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J Immunol. 2006 Apr 1;176(7):4479-83.

Iodination of tyrosyls in thyroglobulin generates neoantigenic determinants that cause thyroiditis.

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  • 1Division of Endocrinology and Division of Basic Sciences, Faculty of Medicine, Memorial University of Newfoundland, St. John's, Canada.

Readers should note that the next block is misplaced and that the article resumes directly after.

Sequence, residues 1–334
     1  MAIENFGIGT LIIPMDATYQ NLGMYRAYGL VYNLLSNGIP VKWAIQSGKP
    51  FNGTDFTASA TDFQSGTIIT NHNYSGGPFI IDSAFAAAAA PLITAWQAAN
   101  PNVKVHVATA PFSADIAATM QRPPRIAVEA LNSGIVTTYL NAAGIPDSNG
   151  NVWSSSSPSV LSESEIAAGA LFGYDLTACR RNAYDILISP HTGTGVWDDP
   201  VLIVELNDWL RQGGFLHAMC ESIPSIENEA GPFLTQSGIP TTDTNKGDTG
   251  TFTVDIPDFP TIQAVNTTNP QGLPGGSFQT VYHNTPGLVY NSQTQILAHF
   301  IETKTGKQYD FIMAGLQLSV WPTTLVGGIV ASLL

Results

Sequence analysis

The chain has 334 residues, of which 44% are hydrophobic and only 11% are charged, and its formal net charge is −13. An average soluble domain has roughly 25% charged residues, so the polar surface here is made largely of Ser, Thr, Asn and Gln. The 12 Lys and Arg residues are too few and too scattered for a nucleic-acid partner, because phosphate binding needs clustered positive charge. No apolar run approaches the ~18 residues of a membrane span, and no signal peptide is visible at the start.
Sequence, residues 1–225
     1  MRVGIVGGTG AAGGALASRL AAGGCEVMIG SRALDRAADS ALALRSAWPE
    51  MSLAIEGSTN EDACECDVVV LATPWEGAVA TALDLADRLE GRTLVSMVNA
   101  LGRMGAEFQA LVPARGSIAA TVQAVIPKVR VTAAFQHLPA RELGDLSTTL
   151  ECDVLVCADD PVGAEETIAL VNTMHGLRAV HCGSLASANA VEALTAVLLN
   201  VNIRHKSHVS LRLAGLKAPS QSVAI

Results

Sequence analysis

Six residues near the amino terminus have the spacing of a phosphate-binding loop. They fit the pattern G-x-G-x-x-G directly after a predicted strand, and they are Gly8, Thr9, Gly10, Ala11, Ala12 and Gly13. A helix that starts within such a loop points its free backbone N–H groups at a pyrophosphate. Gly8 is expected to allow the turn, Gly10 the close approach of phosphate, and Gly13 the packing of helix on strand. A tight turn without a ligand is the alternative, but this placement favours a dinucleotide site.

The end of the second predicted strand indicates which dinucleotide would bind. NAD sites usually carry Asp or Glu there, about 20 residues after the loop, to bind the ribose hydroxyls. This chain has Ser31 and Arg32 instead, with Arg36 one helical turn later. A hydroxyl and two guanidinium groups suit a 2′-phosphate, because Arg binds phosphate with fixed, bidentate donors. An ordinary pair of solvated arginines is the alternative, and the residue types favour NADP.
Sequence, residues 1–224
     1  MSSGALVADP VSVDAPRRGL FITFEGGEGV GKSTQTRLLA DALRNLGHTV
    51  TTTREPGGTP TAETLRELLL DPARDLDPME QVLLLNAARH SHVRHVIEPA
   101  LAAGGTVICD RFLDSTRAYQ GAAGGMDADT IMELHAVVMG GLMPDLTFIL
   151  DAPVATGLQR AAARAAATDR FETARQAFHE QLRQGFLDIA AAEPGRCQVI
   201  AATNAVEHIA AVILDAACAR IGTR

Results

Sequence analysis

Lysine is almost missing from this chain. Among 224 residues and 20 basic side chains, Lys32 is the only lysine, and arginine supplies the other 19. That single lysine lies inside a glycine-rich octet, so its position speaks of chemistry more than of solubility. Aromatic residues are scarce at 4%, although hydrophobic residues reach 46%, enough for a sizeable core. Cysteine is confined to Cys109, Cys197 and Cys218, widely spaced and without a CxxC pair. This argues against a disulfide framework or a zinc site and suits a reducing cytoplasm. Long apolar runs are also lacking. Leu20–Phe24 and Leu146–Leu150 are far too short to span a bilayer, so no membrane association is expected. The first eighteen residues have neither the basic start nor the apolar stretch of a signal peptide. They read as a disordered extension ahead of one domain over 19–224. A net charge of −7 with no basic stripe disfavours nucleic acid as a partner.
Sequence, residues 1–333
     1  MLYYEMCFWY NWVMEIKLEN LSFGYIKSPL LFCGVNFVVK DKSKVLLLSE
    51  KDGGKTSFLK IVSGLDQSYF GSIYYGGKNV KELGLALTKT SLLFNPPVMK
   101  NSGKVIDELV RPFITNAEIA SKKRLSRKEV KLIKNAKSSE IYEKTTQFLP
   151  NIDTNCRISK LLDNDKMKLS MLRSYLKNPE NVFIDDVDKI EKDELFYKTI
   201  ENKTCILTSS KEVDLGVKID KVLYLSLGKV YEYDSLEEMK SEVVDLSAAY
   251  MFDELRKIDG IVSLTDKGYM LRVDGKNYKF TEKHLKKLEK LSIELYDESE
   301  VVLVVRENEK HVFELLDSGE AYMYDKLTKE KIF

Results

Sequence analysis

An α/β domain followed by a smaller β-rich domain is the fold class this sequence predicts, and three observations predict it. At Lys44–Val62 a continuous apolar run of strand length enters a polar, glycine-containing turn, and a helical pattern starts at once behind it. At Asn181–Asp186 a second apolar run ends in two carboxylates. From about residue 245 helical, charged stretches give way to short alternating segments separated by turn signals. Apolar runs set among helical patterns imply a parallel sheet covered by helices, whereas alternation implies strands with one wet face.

Thyroglobulin (Tg) is unique in its ability to incorporate and store available iodine in the form of iodotyrosyl residues. Iodination of Tg has been known to increase its immunopathogenicity in experimental animals, presumably through the formation of iodine-containing neoantigenic determinants that can elicit an autoimmune response, but defined pathogenic Tg peptides carrying iodotyrosyls have not yet been identified. We report in this study that a systematic, algorithm-based search of mouse Tg has delineated three iodotyrosyl-containing peptides that activate autoreactive T cells and cause experimental autoimmune thyroiditis in normal CBA/J mice. These peptides (aa 117-132, 304-318, and 1931-1945) were not immunogenic in their native form, and iodination of tyrosyls facilitated either peptide binding to MHC or T cell recognition of the peptide. These results demonstrate that iodotyrosyl formation in normal Tg confers pathogenic potential to certain peptides that may otherwise remain innocuous and undetectable by conventional mapping methods.

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